New research from leading ingredient provider Cargill finds consumers want both indulgence and health, and are willing to pay more for baked goods that deliver on both.
The company’s Sweet Delight – Decoding Consumer Bakery Decisions research surveyed 1,200 US consumers to understand the unmet needs and motivations that drive consumer purchase behaviors related to cakes, pastries and cookies. The proprietary study not only looked at what consumers say they do but revealed the why behind their purchase decisions, including their expectations around textures, packaging claims, ingredients and more.
“At Cargill, we understand that consumer insights help ensure we’re bringing innovation solutions to our customers that help them keep and attract new customers in a competitive environment,” says Camiel van Beek, bakery category leader for Cargill’s global edible oil solutions group. “Across our food ingredient businesses, we’ve embraced this new way of innovating, helping our food manufacturer customers develop products that meet consumers’ unmet needs.”
The Cargill research confirms indulgence remains the most important purchase trigger for cake, pastry and cookie purchases, outweighing barriers such as weight gain, health or diet considerations. More than half (54 percent) of those surveyed said they chose bakery products to satisfy cravings, while 44 percent said they purchased them as a reward.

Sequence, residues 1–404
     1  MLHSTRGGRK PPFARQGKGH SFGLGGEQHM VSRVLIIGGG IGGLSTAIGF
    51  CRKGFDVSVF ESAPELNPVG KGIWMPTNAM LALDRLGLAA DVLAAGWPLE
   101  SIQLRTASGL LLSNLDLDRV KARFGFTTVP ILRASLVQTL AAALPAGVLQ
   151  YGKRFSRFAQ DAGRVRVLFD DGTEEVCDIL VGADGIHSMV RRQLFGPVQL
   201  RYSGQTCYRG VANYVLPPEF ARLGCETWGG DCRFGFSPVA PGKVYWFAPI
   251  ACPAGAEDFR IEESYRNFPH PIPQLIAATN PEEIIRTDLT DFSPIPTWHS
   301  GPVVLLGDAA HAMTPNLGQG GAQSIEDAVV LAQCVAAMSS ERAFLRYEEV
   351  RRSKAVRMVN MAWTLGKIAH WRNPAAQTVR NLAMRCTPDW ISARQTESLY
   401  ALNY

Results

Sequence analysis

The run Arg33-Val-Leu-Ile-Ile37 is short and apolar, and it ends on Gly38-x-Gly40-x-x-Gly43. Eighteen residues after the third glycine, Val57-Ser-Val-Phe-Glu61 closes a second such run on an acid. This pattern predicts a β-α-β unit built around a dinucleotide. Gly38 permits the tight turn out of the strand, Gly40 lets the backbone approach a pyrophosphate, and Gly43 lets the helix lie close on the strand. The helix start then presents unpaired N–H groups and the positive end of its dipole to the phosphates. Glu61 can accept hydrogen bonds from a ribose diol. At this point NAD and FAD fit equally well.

The study also highlighted the continuing importance of label-friendly formulation. Consumers view ingredients as most influential to their purchase decision (42 percent), over nutrition scores (39 percent) and specific product claims (28 percent).
However, consumers are certainly interested in baked goods with nutrition profiles they perceive as healthier. Health-related attributes registered as some of consumers’ biggest unmet needs, spanning desires for products that delivered portion control, balanced great taste and health, supplied energy boosts without sugar crashes and offered greater satiety, especially in the cookie and pastry space.
Cargill’s research also identified the most promising innovation platforms to meet those unfilled desires. Three top benefit/innovation platforms have emerged: Fresh from the Oven, Premium Indulgence and Better for You. In each opportunity space, significant numbers of consumers said they would accept higher prices.
“This research gives us very specific insights and will help us deliver a more focused innovation roadmap for our customers,” van Beek says. “With it, we can help customers match consumer preferences around textures, claims and ingredients by application and even daypart, then leverage our ingredient and application expertise to develop products that will resonate in the marketplace.”